A wild card, often called a joker, is a playing card that has no value of its own but can be used to represent any other card, thus assuming the value of that card. We might think of money, most of which is nothing but a number on a piece of paper or a computer hard drive, as the economy’s wild card.
It has no intrinsic value but, by the rules of modern economic life, we agree to accept these numbers for things of real value, like land and labor, and assume they are the ultimate storehouse of value. Thus, those who control money’s creation and distribution win nearly every hand in the competition of the global marketplace.
We normally assume that for official currencies, control resides with the government we hold accountable for preventing money’s counterfeiting and inflation. That assumption is mostly false. Under current practice private players create money and manipulate markets to profit from financial bubbles, confident that government will step in to bail them out when the bubble bursts, as it did in 2008.
Note that exchanges among nature’s other living beings involve no equivalent of money. Money is solely a creation of the human mind and has no value outside the human mind. It has value because we agree as members of a community to accept it in exchange for things of real value, many of which are essential to our living. Most real value is the product of the useful labor of people and nature. Yet the existing economic system awards the vast bulk of the returns from labor not to those who provide it, but to those who create and hold society’s financial wild cards and rent their use to others for interest.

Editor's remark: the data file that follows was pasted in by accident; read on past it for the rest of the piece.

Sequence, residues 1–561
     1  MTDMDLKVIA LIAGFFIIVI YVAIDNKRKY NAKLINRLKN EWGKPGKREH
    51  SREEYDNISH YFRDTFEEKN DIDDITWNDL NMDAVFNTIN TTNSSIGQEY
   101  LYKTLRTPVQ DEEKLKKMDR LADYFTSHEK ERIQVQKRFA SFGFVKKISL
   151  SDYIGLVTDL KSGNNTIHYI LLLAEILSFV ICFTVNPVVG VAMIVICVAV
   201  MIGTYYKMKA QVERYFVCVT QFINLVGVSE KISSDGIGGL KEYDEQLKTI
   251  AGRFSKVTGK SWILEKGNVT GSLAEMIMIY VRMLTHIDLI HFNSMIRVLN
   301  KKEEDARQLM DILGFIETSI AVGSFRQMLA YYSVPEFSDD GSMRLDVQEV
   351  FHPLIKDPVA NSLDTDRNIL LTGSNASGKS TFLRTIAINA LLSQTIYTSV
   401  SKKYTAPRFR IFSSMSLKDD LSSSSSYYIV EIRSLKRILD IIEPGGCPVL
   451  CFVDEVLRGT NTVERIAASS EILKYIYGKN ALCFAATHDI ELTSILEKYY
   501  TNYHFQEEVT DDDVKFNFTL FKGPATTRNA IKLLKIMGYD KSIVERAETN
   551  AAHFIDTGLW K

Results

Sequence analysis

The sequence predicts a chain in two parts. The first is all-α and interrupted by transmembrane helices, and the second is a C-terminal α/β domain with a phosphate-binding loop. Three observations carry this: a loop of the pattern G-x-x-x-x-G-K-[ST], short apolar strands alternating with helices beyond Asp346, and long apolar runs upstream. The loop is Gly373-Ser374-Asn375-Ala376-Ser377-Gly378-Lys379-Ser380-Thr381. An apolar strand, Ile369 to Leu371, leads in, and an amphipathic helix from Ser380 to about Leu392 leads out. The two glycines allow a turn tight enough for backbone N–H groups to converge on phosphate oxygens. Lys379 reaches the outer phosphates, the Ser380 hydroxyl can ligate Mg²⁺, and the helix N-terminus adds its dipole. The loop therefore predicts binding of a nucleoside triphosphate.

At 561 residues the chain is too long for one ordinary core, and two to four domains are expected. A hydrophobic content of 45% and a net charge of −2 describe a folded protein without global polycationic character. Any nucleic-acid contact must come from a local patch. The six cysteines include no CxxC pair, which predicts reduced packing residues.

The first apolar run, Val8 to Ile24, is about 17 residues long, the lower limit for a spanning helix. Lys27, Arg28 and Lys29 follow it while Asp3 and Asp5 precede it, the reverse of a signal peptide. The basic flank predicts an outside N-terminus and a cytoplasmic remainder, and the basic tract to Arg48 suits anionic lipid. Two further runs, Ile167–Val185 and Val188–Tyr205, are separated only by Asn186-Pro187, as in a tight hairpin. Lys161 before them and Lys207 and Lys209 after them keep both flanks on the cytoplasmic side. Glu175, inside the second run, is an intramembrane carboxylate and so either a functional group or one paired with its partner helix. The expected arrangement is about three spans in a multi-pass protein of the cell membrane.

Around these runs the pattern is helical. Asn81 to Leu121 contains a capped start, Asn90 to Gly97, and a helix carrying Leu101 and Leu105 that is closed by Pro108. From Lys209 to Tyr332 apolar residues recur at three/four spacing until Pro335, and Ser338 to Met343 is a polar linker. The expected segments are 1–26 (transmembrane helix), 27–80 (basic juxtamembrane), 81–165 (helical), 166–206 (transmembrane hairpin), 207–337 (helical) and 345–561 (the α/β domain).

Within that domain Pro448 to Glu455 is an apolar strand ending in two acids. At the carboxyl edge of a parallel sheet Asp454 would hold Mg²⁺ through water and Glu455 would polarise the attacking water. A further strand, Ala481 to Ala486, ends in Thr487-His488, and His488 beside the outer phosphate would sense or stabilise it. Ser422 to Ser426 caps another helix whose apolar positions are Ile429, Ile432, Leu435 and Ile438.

We have come to act as if the official currencies now in circulation are created by governments in our service. And we dignify it by calling it capital, which communicates a sense of substance. We refer to paper currency as “cold hard cash.”
Most money creation is now controlled by private interests for personal benefit. It is created by private bankers when they issue a loan. Most current lending to individuals drives up the consumer, student, and medical debt that drives the borrower into ever deeper servitude to those better off. The greater portion of the lending funds speculation in financial bubbles.
Many of the bubbles are created around derivatives and crypto currencies, which are essentially forms of legalized counterfeiting. The Federal Reserve also creates money, but though it presents itself as a federal agency, it is mostly controlled by private bankers to serve their private interests. These private players resist any government involvement as an infringement of their rights. But once the financial bubble bursts, they immediately turn to the government to bail them out to prevent total financial collapse.
To repeat, money has value solely because we agree as a community to accept it in return for things of real value. The primary benefits of money should go to the people who give it value by agreeing to accept it—not to those granted a license to create it in the community’s name. And the benefits certainly should not go to those who create cryptocurrencies and derivatives while producing absolutely nothing of any value in return.
In a just and functioning society, money creation must be a transparent, publicly accountable process in service to community needs.